Besides many classic iskender kebab restaurants there are also many restaurant featuring the traditional cuisine of a specific city, catering to the community of more affluent immigrants: from the spicy Urfa to the variety of vegetables coming with Adana kebab.
"Papsi" is a good choice to take a cold beer in a friendly atmosphere for years. It is located on Tunali Street. "Kitir" and newer "Random" are two other most popular bars, adjacent to Kugulu Park, always in Tunali. Corvus is on Bestekar Street offering Rock Music. There are many bars and places to drink on that street which is parallel to Bestekar. The Edge, Twister, Yer Fistigi (turkish music) are nice places. Locus Solus on Kennedy Street is a unique place with electronic, reggae or retro (offering different kinds of music) also for eating. On the same street Mono is pleasant place to drink. "If" is where you can drink and dance till 4 a.m. There normally are rock cover bands and a huge crowd, especially on Friday and Saturday nights.
"Sakarya" is full of the cheapest solutions. Do not go into SSK building, though. It is a huge and ugly building full of night club of a rather cheap taste. Among the best places in Sakarya, one should note "Net", which is a good choice not only take a glass of beer or raki, but also to eat. "Buyuk Ekspres" is also a nice old bar of the town.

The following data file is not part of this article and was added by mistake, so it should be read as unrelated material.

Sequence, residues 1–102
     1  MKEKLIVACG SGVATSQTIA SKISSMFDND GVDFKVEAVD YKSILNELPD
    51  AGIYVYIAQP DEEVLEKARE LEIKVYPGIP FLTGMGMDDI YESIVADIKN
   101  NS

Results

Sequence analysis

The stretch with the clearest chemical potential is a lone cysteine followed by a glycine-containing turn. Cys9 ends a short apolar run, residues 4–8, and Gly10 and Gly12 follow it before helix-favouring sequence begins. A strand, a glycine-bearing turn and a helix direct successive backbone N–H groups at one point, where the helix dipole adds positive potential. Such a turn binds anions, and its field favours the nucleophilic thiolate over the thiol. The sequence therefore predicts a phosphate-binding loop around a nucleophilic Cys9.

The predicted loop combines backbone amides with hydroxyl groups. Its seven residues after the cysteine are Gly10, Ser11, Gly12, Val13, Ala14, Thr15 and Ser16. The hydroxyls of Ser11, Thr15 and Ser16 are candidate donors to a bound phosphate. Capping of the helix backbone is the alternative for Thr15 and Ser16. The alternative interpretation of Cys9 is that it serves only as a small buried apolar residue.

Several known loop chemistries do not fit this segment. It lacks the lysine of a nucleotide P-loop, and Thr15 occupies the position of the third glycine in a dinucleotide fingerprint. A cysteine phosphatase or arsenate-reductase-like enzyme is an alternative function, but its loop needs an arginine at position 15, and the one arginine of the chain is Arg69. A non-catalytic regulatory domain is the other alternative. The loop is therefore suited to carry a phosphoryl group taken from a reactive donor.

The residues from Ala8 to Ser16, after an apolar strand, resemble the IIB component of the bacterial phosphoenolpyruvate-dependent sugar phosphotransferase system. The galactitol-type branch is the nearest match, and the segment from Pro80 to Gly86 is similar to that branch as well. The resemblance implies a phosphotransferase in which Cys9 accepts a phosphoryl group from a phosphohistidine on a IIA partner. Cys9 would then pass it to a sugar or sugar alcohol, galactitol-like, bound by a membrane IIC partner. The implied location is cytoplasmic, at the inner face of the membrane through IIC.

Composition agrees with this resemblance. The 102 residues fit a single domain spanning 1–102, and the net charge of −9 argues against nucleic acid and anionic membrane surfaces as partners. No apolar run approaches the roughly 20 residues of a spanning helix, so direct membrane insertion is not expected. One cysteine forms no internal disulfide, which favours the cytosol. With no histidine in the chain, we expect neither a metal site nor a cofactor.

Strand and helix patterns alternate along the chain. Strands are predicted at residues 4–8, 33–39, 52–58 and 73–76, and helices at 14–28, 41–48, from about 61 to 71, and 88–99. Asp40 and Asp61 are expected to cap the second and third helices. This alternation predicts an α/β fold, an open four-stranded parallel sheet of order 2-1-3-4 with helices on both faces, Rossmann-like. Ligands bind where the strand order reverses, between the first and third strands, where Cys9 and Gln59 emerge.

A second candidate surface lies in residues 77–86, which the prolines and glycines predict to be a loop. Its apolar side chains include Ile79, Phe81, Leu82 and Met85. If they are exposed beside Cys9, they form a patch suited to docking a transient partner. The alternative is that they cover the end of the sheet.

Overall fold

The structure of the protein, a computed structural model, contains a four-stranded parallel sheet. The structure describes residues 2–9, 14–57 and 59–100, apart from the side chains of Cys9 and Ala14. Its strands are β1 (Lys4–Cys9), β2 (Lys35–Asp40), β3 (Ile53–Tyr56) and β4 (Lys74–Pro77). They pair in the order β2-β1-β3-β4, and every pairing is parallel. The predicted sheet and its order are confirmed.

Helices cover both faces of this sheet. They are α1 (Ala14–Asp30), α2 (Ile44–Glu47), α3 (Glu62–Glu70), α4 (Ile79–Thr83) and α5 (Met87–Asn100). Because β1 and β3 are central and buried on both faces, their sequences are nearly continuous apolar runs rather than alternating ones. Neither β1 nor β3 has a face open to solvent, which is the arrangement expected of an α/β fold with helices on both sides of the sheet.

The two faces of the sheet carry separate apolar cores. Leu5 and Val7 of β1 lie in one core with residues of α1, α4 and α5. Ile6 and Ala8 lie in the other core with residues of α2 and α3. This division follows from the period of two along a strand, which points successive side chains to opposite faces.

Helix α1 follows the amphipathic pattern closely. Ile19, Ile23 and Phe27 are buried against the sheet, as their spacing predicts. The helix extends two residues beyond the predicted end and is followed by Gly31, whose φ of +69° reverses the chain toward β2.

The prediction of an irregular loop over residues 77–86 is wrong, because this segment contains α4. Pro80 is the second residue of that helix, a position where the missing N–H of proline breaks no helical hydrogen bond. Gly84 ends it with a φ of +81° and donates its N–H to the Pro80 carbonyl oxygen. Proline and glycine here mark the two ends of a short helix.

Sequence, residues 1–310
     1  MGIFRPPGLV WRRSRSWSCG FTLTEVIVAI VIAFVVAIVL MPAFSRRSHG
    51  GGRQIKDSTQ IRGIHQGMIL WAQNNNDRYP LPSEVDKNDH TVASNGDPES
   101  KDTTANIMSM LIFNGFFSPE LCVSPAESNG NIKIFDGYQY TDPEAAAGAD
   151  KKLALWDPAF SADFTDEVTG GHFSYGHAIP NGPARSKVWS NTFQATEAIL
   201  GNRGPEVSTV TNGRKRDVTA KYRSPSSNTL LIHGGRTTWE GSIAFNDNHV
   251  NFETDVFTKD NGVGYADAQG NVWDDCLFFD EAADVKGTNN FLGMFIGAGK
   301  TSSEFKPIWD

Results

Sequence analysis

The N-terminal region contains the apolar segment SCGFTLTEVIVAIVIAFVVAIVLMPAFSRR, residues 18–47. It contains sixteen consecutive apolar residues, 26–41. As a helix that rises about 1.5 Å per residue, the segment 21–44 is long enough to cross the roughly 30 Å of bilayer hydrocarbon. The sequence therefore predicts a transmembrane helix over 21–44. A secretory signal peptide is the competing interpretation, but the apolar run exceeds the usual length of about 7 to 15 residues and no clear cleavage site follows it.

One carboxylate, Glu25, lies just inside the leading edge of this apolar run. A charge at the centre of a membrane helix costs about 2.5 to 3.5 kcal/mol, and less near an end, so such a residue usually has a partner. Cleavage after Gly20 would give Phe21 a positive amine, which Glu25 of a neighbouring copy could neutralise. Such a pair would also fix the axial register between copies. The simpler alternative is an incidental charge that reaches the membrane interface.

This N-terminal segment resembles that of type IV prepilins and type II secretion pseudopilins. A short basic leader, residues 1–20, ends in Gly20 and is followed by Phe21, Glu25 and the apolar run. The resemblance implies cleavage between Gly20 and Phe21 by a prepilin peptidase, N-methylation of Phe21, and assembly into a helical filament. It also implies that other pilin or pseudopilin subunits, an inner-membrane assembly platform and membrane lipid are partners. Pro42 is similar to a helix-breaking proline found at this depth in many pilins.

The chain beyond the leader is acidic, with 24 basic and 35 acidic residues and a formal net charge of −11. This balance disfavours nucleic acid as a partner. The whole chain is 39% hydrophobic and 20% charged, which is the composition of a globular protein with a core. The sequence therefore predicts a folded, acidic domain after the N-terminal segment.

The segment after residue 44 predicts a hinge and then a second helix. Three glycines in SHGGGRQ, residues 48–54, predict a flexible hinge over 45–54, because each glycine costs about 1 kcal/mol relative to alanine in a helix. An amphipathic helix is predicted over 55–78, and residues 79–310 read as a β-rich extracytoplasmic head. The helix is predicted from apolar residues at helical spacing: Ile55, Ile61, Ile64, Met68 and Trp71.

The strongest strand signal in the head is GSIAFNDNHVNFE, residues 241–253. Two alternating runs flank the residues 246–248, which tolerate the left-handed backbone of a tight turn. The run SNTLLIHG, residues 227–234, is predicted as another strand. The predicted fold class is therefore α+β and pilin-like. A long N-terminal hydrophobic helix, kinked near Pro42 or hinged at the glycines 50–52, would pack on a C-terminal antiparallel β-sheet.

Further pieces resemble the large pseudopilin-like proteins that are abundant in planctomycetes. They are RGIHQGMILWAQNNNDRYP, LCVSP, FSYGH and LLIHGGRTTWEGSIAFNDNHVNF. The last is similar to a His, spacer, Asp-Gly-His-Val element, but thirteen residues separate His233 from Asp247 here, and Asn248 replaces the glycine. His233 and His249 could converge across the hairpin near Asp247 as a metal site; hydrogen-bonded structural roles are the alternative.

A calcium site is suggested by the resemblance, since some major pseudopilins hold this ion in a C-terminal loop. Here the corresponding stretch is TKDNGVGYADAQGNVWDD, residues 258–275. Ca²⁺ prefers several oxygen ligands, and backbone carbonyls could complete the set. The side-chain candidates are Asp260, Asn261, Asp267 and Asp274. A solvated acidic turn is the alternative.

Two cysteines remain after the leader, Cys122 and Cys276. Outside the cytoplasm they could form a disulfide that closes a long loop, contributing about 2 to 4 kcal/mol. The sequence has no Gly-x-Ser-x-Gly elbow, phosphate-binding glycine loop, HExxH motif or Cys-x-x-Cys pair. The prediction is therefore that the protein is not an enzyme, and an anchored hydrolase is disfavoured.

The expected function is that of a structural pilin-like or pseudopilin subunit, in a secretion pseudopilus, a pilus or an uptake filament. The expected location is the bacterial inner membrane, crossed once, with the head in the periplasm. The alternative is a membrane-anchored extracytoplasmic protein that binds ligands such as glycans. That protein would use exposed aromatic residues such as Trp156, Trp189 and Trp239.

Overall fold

There are bars and restaurants also in the historic core of Ankara, close to citadel. You definitely have to go and return by taxi though.
The Sheraton Hotel, located in the Kavaklıdere district, is the most visible and glitzy hotel in Ankara (and has the prices to prove it). Around the corner from the Sheraton lies the Hilton, which is a bit past its prime but still a very acceptable place to stay.
The Radisson (located in Ulus, near the train station), the Swissotel (located on an obscure back alley in in Çankaya) and the Ramada (in Kavaklıdere, on fashionable Tunalı Hilmi street) are recent entrants, and offer very new-looking rooms that are nevertheless a tad smaller than those at the Sheraton or Hilton.
Independent hotels of note include the King Hotel (behind the Parliament, near the American Embassy), and Hotel Midas and Hotel Gold (both north of Kavaklidere on Tunus Caddesi).
Angora House in the Citadel district is a charming boutique hotel in an Ottoman era house.
In terms of budget accommodation, a number of cheap hotels can be found along Sanayi Caddesi, just north of Ulus Meydan: a double (en suite) at such hotels lists for 40-80YTL per night. Note that rates are usually negotiable and may or may not include breakfast.